I sat down to my computer, came upon an email offering a workshop. I read the description, my interest growing. Everything was fitting into place – the teacher, the subject, the date, the price. I hadn’t signed up for a course in anything for years and years. The prospect gave me joy, gave me a feeling of moving forward, away from this struggle over $500, over what was fair.

On the wave of this surge I signed up, clicking the keys all the way through.

And in the morning, driving to work, when one more text came from our ex-tenant I ignored it. I had promised Fred that if Christian wrote to me again I’d refer him to Fred who would give him the money, but yesterday morning I did not want to. I had thought I could but I could not. “You need the money, my ass,” I thought, thinking of this child-like man, playing the part of a poor man, playing innocent. I didn’t want to contribute to his theater production.

And all day I hardly thought about it. Things with Christian often disappeared of their own accord. He forgets from one day to the next what he has said. Maybe he would storm our house that evening. Just having the money there, should I change my mind in his presence, felt like enough of a conciliatory move.

He did not come last night. His dramatic noon deadline came and went. Good, I thought. Perhaps it’s done. And we didn’t have to give in to him.

I lay in bed.

New thoughts came into my mind. I watched them. Nothing really to do with me. New thoughts arriving, like mail.

He believes he is entitled to that money. He’s not trying to fool us, steal from us, he sincerely believes it. Money is filthy. I am fighting over money. It is polluting. Better to give the money than run the risk of being wrong over this. He is a child, a middle-aged child. He should be willing and eager to compensate us for the hearing aid, but guess what, he’s not. Losing the package was an honest mistake, not something he did on purpose.

I get up. I find Fred. “I’m having new thoughts,” I say. Fred is eager to follow this path. It’s what he has wanted essentially from the start, though his reasons feel a little different than mine. I don’t argue these fine points.

I text Christian that he can come the next day for the money. I don’t apologize. Part of me wants to, wants to be present when we return the money, wants to do full penance, but I follow the natural pacing that I feel is almost being dictated to me. And there is too a sense that I can only wash myself as clean as the circumstances I have created will allow.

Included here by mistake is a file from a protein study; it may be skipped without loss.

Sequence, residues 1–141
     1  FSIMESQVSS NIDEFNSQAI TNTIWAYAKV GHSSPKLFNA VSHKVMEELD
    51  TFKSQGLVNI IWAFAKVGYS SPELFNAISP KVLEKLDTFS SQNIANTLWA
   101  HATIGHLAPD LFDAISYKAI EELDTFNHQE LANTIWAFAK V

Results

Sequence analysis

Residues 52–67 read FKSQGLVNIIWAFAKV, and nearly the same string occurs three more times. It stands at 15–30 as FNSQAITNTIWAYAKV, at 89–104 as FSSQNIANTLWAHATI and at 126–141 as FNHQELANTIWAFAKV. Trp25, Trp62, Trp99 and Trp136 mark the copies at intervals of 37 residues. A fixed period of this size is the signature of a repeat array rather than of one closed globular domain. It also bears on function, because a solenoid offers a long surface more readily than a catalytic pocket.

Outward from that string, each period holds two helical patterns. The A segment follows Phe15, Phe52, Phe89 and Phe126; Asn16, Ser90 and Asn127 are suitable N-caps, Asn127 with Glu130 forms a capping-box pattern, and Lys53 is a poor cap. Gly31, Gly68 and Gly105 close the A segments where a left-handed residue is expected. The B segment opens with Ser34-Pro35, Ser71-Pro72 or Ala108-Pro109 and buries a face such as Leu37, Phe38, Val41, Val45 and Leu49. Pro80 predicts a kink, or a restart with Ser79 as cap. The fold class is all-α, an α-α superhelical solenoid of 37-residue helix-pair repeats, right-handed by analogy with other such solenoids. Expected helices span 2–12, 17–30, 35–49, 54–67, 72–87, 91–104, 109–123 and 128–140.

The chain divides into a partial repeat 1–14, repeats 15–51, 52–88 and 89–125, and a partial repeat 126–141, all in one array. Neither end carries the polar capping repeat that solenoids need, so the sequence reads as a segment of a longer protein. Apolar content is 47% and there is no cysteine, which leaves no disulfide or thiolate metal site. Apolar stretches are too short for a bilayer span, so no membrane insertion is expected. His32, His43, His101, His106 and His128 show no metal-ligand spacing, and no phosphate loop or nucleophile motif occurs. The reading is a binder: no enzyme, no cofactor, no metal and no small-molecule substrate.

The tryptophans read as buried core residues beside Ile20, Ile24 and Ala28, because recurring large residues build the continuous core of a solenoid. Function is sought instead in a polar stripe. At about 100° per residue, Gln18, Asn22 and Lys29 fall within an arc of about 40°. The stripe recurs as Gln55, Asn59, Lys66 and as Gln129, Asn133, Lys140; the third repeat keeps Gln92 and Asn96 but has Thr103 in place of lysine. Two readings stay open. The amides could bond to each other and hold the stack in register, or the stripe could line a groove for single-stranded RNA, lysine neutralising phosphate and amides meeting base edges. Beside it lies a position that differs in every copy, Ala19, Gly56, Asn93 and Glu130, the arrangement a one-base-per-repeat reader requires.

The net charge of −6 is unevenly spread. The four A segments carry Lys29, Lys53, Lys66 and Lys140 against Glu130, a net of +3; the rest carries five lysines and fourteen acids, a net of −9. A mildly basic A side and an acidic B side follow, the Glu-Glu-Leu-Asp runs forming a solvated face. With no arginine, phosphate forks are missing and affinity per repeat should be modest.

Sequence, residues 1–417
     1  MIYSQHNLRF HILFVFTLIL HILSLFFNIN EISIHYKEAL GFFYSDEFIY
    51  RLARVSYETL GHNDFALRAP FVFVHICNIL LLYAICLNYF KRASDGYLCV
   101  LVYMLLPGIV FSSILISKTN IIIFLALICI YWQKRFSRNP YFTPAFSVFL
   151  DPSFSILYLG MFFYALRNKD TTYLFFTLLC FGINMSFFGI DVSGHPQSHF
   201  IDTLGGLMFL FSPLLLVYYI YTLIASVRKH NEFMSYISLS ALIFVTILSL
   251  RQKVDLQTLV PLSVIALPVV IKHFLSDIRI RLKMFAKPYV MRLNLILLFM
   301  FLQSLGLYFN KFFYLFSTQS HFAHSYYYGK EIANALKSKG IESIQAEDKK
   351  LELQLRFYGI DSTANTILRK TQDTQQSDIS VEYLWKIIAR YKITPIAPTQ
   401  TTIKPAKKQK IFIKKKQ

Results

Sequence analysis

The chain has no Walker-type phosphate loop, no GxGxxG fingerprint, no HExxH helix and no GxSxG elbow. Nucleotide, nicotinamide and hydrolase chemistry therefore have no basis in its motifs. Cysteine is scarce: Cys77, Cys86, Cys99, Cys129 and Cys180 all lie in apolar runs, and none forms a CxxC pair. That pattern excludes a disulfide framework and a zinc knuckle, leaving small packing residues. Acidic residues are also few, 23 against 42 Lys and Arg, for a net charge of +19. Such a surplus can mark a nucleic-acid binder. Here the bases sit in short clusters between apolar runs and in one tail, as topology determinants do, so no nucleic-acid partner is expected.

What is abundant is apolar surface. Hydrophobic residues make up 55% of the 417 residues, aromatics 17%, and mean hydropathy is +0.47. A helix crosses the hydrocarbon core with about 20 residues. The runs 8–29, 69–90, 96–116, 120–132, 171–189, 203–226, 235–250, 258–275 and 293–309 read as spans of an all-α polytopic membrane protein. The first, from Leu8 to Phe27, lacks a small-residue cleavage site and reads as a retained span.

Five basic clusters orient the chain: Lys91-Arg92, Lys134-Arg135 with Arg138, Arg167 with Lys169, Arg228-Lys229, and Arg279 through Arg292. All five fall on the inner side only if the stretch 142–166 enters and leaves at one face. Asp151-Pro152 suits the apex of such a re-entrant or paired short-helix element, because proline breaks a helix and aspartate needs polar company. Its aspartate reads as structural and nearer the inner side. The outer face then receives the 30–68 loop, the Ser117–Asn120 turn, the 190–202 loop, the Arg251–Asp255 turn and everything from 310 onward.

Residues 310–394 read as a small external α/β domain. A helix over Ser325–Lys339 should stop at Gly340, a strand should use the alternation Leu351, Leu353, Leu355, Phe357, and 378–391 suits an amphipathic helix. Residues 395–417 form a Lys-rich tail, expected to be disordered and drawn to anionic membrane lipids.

Thursday, September 11, 2014


I have the evening off. Fred is in the living room, his headphones on, leading the telephone workshop and there is still some light left in the day, though it is cool, not a pure summer night, but an evening with just enough summer in it to call me outdoors, to leave the dishes behind and just walk out into the evening.

I have always loved to do this in summer, to wander into town after dinner when it’s warm and still light, but this summer it became almost an addiction.

Tonight I walk more quickly than usual, hoping to get to Taco Juan’s before it closes, which it does whenever the string of customers dries up which could be early or late. But if I can get there on time I can get an ice-cream. I don’t even really want an ice cream tonight, but I want the goal and because it’s been an integral part of so many evenings in the past. There is something about the cone that rounds out the stroll, and so I rush along, aware that I am missing half the joy of my walk because I am not pausing to look in shop windows, I am not savoring the air, not taking it all in. I am rushing.

I see a light up ahead at Taco Juan’s that gives me hope and as I approach I see the heavy manager/owner guy sitting outside on a bench. He has grey curly hair and glasses. You can still see the youth in his face, but I don’t know his name and have never seen him smile.

“Thanks for still being open,” I say, hoping to open some kind of friendliness with him. “Don’t be so sure,” he says, so that my ice-cream anxiety returns and I worry that though the door is open and all the lights are on, the person behind the counter might still turn me away.

She’s a nice woman behind the counter. She appeared towards the end of the summer, not one of the kids, older, motherly, warm. Her hair is bound back with a scarf. A small boy ahead of me asks for Caramel Cream and as she goes to scoop it for him she asks him if he likes that flavor and solemnly he tells her yes.

I get my Killer Chocolate scoop and go back out into the evening. Now I can move slowly. I feel the warmth and familiarity of this street, this small piece of town. There are not many people out, and I follow my usual path off on a sidestreet to Family, a shabby building with a front porch. I wander in. Family is just a nice place to go. You can look at the books being given away, inspect the dishes to see if something is so pretty you have to have it. Tonight no one is sitting on the plastic chairs chatting with each other or the people manning the phones, or even just sitting in silence. I look through the clothing but nothing catches my eye. It is a place of treasures and trash and sometimes I get lucky. Most times I don’t, but it makes for a good game.

Sunday, June 29, 2014


I sit on my father’s lap at the kitchen table, facing him. It is evening, after supper and it’s just him and me. His face is large, more square than round, up above mine. I bend my head a little to look up at him, his eyes, laughing eyes, are cast downward to meet mine.

We are playing a game. My father points to his eye and I try to remember the Hungarian word. Usually I can’t remember and he must remind me, laughing, though I like it best when I do remember. Then he points to his nose, then his mouth. Some of them I can always remember, some are hard, like ear and neck.

Hungarian people come to our house sometimes. They are my father’s friends, mostly, that my mother has made friends with, sort of. My mother is always on the edge of these small parties in our living room where the men wear suits and the women wear skirts. They drink drinks and talk in Hungarian and if I am lucky Robert Major, who has grey hair, will do coin tricks for me.